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Wall Street tumbles despite Fed's interest-rate cut
Last Updated: 2020-03-04 08:02 | Xinhua
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U.S. equities closed sharply lower on Tuesday as concerns of slower economic growth persist, despite the Federal Reserve's emergency interest-rate cut.

The Dow Jones Industrial Average closed down 785.91 points, or 2.94 percent, to 25,917.41, after falling by as many as 997 points at session lows.

The S&P 500 erased 86.86 points, or 2.81 percent, to 3,003.37. The Nasdaq Composite Index fell 268.07 points, or 2.99 percent, to 8,684.09.

All of the 11 primary S&P 500 sectors closed lower, with technology and financials dropping 3.79 percent and 3.73 percent, respectively, representing the two worst-performing groups.

The Cboe Volatility Index, widely considered the best fear gauge in the stock market, jumped 10.17 percent to 36.82 on Tuesday.

The major averages had a short-lived surge with the 30-stock index climbing more than 300 points earlier in the session after the U.S. central bank lowered the target range for the federal funds rate by 50 basis points to 1-1.25 percent amid COVID-19 concerns.

In a surprise announcement on Tuesday, the Fed said that "in light of these risks and in support of achieving its maximum employment and price stability goals," the Federal Open Market Committee (FOMC), the Fed's policy-setting body, decided to cut its key interest rate by 0.5 percentage point.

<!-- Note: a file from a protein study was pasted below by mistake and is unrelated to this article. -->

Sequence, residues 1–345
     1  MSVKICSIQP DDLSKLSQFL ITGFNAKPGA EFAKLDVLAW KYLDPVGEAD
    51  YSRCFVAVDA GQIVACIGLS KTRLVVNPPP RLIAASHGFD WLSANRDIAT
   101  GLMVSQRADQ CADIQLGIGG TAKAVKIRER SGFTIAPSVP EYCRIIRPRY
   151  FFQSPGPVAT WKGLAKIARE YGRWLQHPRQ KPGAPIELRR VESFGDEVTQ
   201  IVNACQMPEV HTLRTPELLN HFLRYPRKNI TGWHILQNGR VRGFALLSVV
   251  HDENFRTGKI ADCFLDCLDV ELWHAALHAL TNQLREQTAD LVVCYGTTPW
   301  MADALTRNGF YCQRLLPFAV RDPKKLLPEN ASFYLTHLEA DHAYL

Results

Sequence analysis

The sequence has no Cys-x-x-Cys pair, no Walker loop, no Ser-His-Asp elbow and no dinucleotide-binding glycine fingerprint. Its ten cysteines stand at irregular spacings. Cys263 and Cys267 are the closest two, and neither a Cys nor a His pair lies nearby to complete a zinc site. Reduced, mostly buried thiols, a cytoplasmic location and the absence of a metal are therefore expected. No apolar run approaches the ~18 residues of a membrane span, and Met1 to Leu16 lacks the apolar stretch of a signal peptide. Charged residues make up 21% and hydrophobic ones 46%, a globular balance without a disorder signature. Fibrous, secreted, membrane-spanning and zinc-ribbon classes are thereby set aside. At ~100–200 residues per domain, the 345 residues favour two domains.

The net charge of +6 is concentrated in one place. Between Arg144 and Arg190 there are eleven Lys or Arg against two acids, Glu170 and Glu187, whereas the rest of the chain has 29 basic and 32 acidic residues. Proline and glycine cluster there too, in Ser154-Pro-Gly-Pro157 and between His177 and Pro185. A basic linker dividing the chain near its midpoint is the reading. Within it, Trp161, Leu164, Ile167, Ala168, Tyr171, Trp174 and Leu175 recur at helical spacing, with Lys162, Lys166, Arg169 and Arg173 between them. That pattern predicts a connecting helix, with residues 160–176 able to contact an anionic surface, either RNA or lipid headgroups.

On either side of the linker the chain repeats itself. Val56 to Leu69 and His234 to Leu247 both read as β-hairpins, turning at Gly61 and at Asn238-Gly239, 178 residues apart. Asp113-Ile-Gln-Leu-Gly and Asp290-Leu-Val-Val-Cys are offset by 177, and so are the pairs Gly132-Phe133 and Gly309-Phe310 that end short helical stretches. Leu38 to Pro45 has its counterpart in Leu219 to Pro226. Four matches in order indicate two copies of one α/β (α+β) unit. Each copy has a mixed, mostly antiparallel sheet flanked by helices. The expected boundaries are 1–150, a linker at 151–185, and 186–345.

Federal Reserve Chairman Jerome Powell said in a press conference that since the January FOMC meeting, the spread of the coronavirus has brought new challenges and risks. "The magnitude and persistence of the overall effects on the economy, however, remain highly uncertain, and the situation remains a fluid one," said Powell.

"The rate cut is important for what it signals - that policymakers are here to support - and for sentiment," Solita Marcelli, deputy chief investment officer for the Americas at UBS Global Wealth Management, said in a note to Xinhua on Tuesday, while commenting on the Fed rate cut.

"Markets were already pricing in rate cuts, which is why we don't see stocks rallying today," said Marcelli.

The emergency rate cut failed to calm investors. On the bond market, the yield on 10-year U.S. Treasuries dropped below 1 percent for the first time. Gold, meanwhile, jumped about 3 percent to settle at 1,644.40 dollars per ounce.

"We remain overweight emerging market stocks, which have started to outperform developed markets in recent days given China's relative success in containing the virus and elevated uncertainty in developed markets," Marcelli said.

U.S. equities have been experiencing great fluctuations these days. The stocks closed sharply higher on Monday with the Dow up nearly 1,300 points, its best one-day point gain in history.

For the week ended Feb. 28, the blue-chip Dow plunged nearly 3,600 points, or more than 12 percent. The broader S&P 500 and the Nasdaq both declined more than 10 percent.


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